There is another way, however. Trump's recent contretemps with Attorney General Jeff Sessions suggest that he's working on an alternative scheme to rid himself of that troublesome special counsel. If he can hound Sessions into resigning, Trump could then appoint an obedient, non-recused attorney general to shut down the investigation without technically "firing" anyone. There's a catch, though. Attorney general appointments require Senate confirmation, and even this timid Republican majority won't let Trump appoint whomever he wants.

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Michael Wolraich's picture

Why I Quit Uber

It wasn't because of Trump. Though I respect my friends who practice pocketbook politics, I only participate in boycotts under extreme circumstances.

It wasn't because of Uber's sordid history, though the company's bad reputation played a part in my decision.

Ultimately, I quit Uber for an old-fashioned reason: bad customer service.

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Michael Wolraich's picture

Someday we'll find it, the Putin connection...

The AP drew another line in Trump's connect-the-dots puzzle today. We already knew that former campaign chair Paul Manafort had worked for pro-Russian Ukrainian politicians. Now we know that he secretly worked on behalf of the Putin regime as well.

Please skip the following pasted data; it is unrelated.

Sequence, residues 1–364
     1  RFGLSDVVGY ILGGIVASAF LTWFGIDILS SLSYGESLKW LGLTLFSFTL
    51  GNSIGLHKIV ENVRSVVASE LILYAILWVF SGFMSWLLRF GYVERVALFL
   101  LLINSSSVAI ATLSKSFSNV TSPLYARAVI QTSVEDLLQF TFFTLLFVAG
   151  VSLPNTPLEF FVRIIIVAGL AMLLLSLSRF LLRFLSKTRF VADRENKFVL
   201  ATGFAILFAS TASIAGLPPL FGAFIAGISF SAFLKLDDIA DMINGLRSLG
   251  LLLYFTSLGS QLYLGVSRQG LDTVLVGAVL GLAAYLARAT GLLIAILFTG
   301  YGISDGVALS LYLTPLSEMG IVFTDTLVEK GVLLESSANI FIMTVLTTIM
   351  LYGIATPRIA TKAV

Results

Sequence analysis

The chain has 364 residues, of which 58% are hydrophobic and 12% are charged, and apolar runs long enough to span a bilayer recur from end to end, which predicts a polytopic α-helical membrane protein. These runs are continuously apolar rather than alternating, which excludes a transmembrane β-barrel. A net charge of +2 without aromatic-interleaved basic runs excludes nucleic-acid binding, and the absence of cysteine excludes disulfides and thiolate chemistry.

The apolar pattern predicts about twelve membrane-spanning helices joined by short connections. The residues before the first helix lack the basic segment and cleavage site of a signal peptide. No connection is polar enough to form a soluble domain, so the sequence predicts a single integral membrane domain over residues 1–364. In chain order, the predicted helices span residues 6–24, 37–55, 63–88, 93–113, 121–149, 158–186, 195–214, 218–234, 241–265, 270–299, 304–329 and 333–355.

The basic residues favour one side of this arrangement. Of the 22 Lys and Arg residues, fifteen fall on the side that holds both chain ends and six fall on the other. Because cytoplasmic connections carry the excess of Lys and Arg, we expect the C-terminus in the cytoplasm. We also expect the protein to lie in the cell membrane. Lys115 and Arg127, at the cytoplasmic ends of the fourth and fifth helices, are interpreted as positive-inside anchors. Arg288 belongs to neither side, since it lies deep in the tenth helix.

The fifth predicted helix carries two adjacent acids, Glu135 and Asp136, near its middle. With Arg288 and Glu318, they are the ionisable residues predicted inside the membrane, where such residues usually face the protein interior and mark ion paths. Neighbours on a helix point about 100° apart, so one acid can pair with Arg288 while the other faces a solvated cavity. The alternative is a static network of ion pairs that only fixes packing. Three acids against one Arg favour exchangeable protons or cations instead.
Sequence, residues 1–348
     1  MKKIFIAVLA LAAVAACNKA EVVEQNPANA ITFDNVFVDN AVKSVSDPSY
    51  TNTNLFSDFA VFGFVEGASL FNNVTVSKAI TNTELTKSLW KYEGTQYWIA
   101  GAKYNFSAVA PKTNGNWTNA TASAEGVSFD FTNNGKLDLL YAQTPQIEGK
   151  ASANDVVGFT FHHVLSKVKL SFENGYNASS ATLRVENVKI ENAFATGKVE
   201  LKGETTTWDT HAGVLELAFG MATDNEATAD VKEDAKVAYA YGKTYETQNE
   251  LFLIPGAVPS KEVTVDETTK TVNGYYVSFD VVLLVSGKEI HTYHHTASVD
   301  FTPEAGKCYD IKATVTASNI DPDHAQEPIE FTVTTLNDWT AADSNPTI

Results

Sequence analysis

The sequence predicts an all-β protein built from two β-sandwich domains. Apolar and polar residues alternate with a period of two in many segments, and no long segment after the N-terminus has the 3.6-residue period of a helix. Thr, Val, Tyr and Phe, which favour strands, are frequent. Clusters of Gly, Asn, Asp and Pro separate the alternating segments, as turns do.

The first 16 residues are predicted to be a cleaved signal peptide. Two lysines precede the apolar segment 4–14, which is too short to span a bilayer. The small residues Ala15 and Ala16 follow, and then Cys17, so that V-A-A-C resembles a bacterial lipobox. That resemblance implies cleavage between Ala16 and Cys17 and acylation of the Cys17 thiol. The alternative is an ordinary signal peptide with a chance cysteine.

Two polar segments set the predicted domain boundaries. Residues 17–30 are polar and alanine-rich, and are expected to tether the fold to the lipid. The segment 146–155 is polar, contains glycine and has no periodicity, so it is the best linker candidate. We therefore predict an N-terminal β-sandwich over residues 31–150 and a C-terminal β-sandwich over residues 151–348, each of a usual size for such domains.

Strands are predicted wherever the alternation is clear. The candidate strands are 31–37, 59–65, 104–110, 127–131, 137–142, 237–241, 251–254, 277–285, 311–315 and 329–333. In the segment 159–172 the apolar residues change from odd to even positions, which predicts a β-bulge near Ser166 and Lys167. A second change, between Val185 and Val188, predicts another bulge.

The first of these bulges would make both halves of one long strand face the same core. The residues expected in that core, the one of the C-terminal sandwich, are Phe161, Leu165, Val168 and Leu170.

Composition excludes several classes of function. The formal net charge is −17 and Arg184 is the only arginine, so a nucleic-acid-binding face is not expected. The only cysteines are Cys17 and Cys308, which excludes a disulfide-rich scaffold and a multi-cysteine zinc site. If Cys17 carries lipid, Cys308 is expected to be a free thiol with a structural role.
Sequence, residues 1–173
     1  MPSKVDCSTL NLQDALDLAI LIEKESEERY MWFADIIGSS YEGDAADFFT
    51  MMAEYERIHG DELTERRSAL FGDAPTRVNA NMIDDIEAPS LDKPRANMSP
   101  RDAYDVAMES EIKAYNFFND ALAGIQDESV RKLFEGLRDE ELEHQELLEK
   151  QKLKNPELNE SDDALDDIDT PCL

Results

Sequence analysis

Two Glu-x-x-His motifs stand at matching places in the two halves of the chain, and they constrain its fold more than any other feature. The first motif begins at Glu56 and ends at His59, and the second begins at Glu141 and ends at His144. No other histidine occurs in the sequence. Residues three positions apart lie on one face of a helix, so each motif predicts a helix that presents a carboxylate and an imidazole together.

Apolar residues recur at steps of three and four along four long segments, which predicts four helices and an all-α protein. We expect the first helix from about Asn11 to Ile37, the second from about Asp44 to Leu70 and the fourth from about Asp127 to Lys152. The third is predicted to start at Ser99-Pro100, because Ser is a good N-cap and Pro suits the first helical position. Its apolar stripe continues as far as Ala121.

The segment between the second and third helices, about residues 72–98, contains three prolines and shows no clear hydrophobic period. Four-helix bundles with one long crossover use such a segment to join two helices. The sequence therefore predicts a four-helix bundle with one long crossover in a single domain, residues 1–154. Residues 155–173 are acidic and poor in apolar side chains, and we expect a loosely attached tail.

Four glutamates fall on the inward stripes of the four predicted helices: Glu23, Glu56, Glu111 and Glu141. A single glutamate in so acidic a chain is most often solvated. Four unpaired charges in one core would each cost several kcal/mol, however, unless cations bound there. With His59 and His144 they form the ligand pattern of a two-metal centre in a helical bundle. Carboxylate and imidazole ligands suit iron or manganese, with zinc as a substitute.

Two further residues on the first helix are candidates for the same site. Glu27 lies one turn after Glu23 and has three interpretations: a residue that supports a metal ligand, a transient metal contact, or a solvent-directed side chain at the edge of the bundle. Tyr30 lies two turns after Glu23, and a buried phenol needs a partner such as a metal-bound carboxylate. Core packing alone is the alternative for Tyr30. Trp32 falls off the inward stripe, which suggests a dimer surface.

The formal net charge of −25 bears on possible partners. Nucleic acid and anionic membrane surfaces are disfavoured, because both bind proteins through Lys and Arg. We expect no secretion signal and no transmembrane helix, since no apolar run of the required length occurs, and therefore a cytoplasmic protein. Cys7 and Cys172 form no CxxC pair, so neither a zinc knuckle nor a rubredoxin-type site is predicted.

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Trump-Putin Quid Pro Quo?

Did Donald Trump agree to a quid pro quo with the Russian government? This is what we know.

On March 19, 2016, John Podesta received an email, purportedly from Google, warning him of a potential security breach. He clicked the link and inadvertently delivered his email account to state-backed Russian hackers.

Two days later, on March 21, Donald Trump announced his five-person foreign policy team, which included Carter Page, a previously unknown investment banker with extensive dealings in Russia.

On March 28, nine days after the hack, Trump confirmed to the New York Times that he had hired Paul Manafort. Manafort had recently returned from Ukraine, where he helped organize the Russian-backed Ukrainian opposition. 

On March 31, Trump met with his foreign policy advisors at the new Trump Hotel in Washington, D.C., where they discussed the Republican Party's position on arming Ukraine against pro-Russian rebels.  According to advisor J.D. Gordon, Trump opposed this language in the RNC platform because "he didn't want to go to 'World War Three' over Ukraine."

Michael Wolraich's picture

One-State, Two-State, Blue-State, Jew-State

Donald Trump is an easy-going guy. Just yesterday, he shrugged off the United States' longstanding position on the Israel-Palestine dispute and announced that he's totally open to a "one-state" solution.